570-821-2056, @CVBufano

courtesy: timesleader.com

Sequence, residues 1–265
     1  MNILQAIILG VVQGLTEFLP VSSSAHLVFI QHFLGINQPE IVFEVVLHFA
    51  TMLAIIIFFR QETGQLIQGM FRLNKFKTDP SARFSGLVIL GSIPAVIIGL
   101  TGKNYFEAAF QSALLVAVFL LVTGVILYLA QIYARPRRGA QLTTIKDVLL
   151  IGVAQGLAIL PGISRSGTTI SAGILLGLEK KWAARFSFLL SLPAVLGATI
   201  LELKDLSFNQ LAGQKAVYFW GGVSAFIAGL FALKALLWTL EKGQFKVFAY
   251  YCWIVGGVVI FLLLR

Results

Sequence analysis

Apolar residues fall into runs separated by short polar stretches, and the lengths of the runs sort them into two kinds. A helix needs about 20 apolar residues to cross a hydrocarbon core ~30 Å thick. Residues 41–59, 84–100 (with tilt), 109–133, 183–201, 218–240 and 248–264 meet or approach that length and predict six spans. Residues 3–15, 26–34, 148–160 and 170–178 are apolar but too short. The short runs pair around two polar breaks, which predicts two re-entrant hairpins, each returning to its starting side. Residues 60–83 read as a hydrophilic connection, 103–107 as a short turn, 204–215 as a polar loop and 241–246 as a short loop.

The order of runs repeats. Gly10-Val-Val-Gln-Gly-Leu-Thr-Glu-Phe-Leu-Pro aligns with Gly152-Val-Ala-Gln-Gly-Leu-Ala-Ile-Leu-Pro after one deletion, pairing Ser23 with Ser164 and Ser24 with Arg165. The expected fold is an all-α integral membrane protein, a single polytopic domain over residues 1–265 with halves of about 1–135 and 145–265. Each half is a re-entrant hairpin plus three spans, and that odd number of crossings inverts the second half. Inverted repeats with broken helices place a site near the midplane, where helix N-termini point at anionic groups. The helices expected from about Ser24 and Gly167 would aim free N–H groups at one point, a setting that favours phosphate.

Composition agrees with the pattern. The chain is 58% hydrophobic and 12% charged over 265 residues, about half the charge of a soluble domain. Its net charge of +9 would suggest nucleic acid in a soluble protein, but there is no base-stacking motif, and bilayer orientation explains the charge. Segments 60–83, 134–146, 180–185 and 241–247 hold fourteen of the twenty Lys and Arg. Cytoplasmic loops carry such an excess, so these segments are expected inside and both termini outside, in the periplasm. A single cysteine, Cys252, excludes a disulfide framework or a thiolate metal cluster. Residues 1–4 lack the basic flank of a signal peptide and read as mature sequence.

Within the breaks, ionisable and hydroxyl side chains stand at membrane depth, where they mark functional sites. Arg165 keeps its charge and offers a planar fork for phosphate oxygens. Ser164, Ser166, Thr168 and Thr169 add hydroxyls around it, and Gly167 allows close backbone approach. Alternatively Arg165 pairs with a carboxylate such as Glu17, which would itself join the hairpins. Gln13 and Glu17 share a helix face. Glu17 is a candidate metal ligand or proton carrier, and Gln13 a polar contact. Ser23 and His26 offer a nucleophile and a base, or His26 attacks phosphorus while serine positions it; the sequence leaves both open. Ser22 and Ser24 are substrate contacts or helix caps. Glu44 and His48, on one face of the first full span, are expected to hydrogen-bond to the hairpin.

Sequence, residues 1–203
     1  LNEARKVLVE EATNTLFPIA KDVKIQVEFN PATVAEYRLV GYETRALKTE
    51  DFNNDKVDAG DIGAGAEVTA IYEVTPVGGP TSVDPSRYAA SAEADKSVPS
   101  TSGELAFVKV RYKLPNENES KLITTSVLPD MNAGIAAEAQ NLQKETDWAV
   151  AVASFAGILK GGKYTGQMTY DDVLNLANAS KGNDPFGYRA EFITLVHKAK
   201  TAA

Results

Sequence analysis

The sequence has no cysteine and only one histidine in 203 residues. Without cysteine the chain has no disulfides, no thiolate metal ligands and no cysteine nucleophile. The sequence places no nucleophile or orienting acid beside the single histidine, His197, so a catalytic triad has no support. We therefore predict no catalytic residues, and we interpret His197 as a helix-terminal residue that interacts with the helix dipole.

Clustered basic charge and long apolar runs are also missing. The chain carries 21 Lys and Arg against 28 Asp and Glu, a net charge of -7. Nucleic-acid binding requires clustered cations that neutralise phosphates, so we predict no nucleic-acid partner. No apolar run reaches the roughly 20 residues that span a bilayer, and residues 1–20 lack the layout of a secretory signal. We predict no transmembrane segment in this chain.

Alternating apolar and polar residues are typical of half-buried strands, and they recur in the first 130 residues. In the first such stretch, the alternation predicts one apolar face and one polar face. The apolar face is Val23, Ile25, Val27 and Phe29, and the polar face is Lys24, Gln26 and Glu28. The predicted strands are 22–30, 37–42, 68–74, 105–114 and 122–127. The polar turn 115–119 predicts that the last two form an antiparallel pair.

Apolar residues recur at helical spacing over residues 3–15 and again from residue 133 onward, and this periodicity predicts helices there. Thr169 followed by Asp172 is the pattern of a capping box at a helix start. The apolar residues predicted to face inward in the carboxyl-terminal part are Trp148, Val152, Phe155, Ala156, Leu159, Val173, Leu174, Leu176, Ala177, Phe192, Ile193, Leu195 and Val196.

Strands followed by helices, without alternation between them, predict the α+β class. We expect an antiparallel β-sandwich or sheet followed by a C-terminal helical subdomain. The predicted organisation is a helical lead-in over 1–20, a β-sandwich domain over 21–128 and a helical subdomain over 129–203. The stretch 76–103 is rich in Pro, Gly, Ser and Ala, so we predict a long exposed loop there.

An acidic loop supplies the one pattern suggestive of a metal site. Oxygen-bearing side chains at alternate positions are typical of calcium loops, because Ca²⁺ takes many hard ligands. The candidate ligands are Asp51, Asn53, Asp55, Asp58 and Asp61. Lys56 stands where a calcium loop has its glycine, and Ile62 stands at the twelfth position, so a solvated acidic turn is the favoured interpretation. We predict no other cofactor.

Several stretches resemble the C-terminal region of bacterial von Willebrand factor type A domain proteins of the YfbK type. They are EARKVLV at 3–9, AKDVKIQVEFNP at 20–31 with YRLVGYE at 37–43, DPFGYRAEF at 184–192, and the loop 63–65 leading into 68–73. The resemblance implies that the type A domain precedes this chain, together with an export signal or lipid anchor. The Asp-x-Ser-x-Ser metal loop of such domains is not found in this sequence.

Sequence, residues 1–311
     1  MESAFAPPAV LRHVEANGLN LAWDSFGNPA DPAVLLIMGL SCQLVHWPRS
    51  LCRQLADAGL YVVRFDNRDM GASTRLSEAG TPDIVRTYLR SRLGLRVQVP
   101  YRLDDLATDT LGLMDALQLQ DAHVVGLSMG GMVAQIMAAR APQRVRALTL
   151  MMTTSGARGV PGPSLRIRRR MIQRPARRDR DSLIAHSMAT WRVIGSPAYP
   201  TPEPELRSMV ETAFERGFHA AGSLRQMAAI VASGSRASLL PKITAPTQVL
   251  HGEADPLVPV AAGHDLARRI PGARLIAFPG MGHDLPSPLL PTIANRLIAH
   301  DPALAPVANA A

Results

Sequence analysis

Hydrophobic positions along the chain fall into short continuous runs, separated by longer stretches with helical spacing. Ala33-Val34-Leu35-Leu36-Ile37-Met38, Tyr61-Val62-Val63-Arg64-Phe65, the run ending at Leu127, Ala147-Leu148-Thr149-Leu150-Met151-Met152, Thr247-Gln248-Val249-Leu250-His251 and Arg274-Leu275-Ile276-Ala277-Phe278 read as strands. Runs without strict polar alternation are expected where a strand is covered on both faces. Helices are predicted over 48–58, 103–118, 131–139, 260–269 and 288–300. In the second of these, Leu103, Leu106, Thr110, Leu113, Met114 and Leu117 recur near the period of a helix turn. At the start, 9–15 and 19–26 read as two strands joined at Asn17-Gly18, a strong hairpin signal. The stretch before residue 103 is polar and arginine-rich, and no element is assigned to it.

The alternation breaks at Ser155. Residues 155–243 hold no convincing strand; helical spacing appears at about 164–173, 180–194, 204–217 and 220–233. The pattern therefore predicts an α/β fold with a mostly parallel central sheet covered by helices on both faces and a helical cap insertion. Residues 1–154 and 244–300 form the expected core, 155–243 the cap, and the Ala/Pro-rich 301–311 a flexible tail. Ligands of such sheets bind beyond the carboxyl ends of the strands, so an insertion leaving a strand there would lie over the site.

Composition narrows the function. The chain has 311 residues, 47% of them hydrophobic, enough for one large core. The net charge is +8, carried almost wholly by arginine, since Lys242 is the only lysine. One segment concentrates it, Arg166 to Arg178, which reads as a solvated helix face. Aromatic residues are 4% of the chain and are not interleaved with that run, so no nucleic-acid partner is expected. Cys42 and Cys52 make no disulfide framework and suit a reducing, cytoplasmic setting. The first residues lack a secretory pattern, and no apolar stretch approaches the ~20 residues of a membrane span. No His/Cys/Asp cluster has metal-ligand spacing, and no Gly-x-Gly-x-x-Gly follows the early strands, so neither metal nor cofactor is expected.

WILKES-BARRE — Outsiders Bar and Restaurant, the scene of a deadly shooting early Sunday morning, had been operating while owner Louis Weibrecht challenges a decision by the Pennsylvania Liquor Control Board not to renew its liquor license.The board’s decision of March 20 came after a hearing in December.Michael Onley, 34, of Madison Street, Wilkes-Barre, was gunned down while he stood in the patio area of the tavern at 650 S. Main St. at about 12:15 a.m. Sunday. Onley was transported to Geisinger Wyoming Valley Medical Center in Plains Township, where he died.Onley was a popular disc jockey in the region known as DJ Mo. He had a show on Wilkes University’s radio station WCLH 90.7 FM every Tuesday afternoon and evening, according to the radio station’s website.Police on Monday said they had no new information to release about the ongoing investigation. Police seized the tavern’s video surveillance system.The tavern opened in 2003 when Weibrecht purchased the building he renovated. Known as a biker bar, the tavern hosts “Two-Wheel Tuesdays” for motorcycle enthusiasts and has Reggae nights on the weekend.Previous occupantThe building once housed Gordy’s Cukoo’s Nest, which was shut down by then-District Attorney Peter Paul Olszewski Jr. as a nuisance bar in 1994 after a series of disturbances, including a police-related shooting of Roland Kittrell in August of that year.Kittrell was wanted for a sexual assault in Forty Fort. He suffered a gunshot wound to his hand during a melee with police inside the bar. Police Chief Gerard Dessoye, then a captain, suffered a fractured leg during the fight with Kittrell, according to The Times Leader archives.The LCB decided not to renew the tavern’s liquor license, citing 23 violations since 2003. Weibrecht filed an appeal in Luzerne County Court on April 3, permitting the tavern to remain open for business.According to the LCB’s opinion not to reissue the liquor license, the tavern had managerial problems,missing deadlines to pay fines for multiple citations and failing to timely submit its application to renew its liquor license. The tavern also did not maintain a “barred patrons list,” the opinion says.Fines, suspensionsThe tavern paid $15,100 in fines and its liquor license was suspended for a total of 32 days since 2003, according to the opinion.There were seven citations issued for loud noise for music that was heard beyond the property line, three citations for the purchase of alcohol with bad checks, and one citation each for serving a minor, serving alcohol to an intoxicated patron and serving alcohol when the license was suspended.“The record provides ample evidence of (Outsiders) failure to take the appropriate steps to address its operational problems that have resulted in receiving at least one citation every year since 2003, and the Board finds that this alone provides sufficient reason to refuse (Outsiders) renewal application,” the LCB’s opinion states.While the LCB’s opinion cites multiple liquor code violations, city police have been called to the tavern only once, on July 29, 2011, when three patrons became unruly after being told to leave for crashing a private party on the second floor of the building.Attorney William Ruzzo, the tavern’s attorney, responded that no residents or commercial businesses in the neighborhood have filed formal complaints about loud music. A minor was served alcohol after she presented her sister’s driver’s license and the two sisters have similar appearance, Ruzzo said. He also said an employee was hired recently to oversee clerical and administrative operations.Tavern’s reputationRuzzo noted the tavern has a “reputation among competitors and neighbors as an orderly, good neighbor and business.”“Outsiders has offered its premises and resources to charitable and civic organizations, including fundraisers to raise money for seriously injured people and The Moses All-Star Classic, which is an annual basketball game raising thousands of dollars for local charities,” Ruzzo stated.The tavern sponsored a bike run benefit for the Leukemia and Lymphoma Society in July.Weibrecht could not be reached for comment on Monday.